Translation is a two-way street. Not only must we translate our scientific findings into the everyday care of patients and into the lives of the general population, we must also translate the concerns of the general population into scientific inquiry. In the past decades we have come to appreciate the importance of bringing clinicians into the research arena due to the unique perspectives of clinicians. Such collaborations have improved patient care through asking clinicians what would help them care for patients and using their input as the basis for scientific inquiry. Just as clinicians are often the best judge of what would help them in their practice, so too are members of the general population often the best judge of what would help them in their day-to-day lives. Empowering “everyday people” in developing research agenda will help the public have a voice in future directions of medical research. This “reverse translation” is an essential component of the CTSA program as well. GHUCCTS fully endorses this concept, and actively engages our communities in bidirectional dialog through a variety of activities and mechanisms as described in the Community section of this website.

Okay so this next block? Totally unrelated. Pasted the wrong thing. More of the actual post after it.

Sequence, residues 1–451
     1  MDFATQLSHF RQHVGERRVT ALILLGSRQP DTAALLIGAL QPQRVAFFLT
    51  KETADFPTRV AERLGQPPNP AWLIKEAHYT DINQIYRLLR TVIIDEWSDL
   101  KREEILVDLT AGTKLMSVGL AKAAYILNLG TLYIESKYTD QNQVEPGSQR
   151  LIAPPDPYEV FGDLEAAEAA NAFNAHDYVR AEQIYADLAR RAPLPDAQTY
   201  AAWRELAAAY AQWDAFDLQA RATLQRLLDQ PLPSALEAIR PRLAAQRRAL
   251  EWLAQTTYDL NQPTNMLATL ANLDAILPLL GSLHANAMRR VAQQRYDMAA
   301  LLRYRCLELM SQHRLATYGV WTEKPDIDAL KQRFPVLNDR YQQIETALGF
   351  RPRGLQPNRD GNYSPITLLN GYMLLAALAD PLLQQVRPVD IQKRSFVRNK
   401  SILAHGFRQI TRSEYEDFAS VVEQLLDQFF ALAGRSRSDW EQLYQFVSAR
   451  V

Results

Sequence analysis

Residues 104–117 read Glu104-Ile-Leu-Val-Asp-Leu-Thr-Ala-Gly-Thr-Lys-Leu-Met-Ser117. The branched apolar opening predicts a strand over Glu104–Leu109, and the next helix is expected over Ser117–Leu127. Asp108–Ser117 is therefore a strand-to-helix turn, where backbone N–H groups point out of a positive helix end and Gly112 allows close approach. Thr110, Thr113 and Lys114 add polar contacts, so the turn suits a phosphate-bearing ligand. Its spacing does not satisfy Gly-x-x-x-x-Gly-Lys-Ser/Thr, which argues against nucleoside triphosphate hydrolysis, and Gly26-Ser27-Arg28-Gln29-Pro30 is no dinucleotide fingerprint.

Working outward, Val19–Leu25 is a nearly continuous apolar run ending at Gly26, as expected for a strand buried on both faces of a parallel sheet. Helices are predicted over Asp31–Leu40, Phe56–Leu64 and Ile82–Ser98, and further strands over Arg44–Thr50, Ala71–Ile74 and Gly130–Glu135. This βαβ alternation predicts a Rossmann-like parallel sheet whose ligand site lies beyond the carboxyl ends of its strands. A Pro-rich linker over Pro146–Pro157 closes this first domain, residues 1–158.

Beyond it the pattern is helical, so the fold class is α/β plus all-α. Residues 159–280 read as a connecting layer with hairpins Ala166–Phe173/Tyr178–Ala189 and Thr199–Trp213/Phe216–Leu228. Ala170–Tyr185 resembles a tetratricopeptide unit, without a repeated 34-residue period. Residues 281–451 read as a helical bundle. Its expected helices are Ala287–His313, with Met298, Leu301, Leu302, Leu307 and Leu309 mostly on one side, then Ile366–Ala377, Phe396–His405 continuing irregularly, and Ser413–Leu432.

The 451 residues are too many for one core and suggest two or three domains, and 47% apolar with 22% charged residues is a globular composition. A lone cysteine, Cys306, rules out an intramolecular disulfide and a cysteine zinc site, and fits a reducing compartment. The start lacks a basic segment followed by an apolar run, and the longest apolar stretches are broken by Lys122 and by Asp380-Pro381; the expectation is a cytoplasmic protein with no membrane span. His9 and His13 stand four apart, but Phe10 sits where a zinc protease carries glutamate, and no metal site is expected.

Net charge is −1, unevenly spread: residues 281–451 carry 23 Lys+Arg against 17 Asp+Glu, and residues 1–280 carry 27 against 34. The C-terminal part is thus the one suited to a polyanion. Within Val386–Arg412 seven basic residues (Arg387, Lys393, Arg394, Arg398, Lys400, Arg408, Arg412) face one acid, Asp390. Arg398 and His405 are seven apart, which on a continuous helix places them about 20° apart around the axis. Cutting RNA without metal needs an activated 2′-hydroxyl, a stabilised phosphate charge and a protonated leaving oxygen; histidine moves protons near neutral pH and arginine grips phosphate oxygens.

adapted from: Kon AA. The Clinical and Translational Science Award (CTSA) Consortium and the Translational Research Model. Am J Bioeth. 8(3):58–W3, 2008.